UNIX Tools and the UNIX File System CMSC 121 Introduction to UNIX

UNIX Tools and the
UNIX File System
CMSC 121 Introduction to UNIX
The material on submitexec was taken from
Dan Hood’s CMSC 121 Lecture Notes.
UNIX File System: Links
Every file in the UNIX file system has an associated
block of information called an i-node.
The i-node contains such all information about a file, except
its name.
The i-node’s information includes: date created, user id,
group id, file size, timestamps, the number of links, etc. It
also contains the physical location of the file’s blocks on the
The i-node table maps the filename to the specific inode. ls –i will display the i-node for a file.
As each file has its own i-node, there is no reason that
more than one name can’t point to the same i-node in
the table. This is the idea behind links.
UNIX File System: Links
The ln command creates two names to the same file.
linux2 [4]# touch temp
linux2 [5]# ln temp temp_link
These are called “hard links” because they are of equal
status. Type ls –i and compare the files’ i-nodes.
A file isn’t actually deleted until all of the hard links to
it have been removed. So, rm temp will not remove
the file, only this one link to it.
One important thing to note is that you cannot hard
link across file systems, as i-node numbers are not
unique across file systems.
You also cannot hard link directories.
UNIX File System: Symbolic Links
A symbolic link is a sort of alias to a file. Symlinks
have a much lower status than hard links.
The ln -s command creates a symlink to a file.
linux2 [5]# ln –s temp temp_symlink
ls –L will dereference symlinks to the actual files,
instead of giving information about where symlinks
Symlinks can work with directories and across file
systems, as this is their main purpose.
Note that some programs (e.g. tar) provide options for
dealing with symlinks so that they do not break.
tar’s –h ensures that symlinks don’t break by saving the
referenced files instead of the symlinks.
UNIX Tools Philosophy
Each tool should do one thing very well,
nothing more and nothing less.
These tools should support chaining using
streams. The output of one program should be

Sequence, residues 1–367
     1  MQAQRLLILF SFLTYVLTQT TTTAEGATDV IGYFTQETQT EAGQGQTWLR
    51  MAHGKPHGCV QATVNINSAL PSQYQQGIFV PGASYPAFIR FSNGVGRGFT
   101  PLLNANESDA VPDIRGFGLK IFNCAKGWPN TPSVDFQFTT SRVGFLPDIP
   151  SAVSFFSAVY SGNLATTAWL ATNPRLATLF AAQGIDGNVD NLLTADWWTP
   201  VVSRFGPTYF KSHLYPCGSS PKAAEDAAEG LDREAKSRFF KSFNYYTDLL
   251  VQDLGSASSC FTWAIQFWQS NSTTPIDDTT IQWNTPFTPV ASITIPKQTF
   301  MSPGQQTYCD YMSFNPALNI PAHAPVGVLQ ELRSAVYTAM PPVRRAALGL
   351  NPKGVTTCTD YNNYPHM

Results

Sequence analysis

considered to be the input to another program.
Use existing tools in combination to do very
complex tasks instead of building specialized
xargs: chaining commands
xargs takes the output of one command and passes it
as command line arguments to another command.
find . -name “*.txt” | xargs grep John
Using single quotes may overflow the command line, so
you shouldn’t use this form.
grep John ‘find . -name “*.txt”’
Another use of xargs:
Example: take all the files whose names are in the file
“names” and concatenate their contents:
xargs cat < names > contents
enscript: more flexible printing
The enscript command converts ascii files to
postscript and then spools the postscript file to the
printer. It is a more flexible way of printing than lpr.
enscript options:
-G : a “gaudy” header with a timestamp, file name, and page
-r : rotate the page to a landscape orientation
-2 : print in two columns
-a : print only the specified pages
-p : print to the specified file instead of the printer
linux2 [5]# enscript -2Gr -p myfile.ps
Working with ps and pdf files
ps2pdf generates a pdf file (Adobe Acrobat)
from a ps (Postscript) file.
linux2 [10]# ps2pdf input.ps output.pdf
Viewers: gv, xpdf.
Working with text files
ispell interactively spell checks a file.
linux2 [9]# ispell filename.txt
cut extracts specific columns of data from
sed is an advanced tool for editing a stream.
awk is a powerful data manipulation tool.
Working with graphics
gimp is a powerful graphics software package.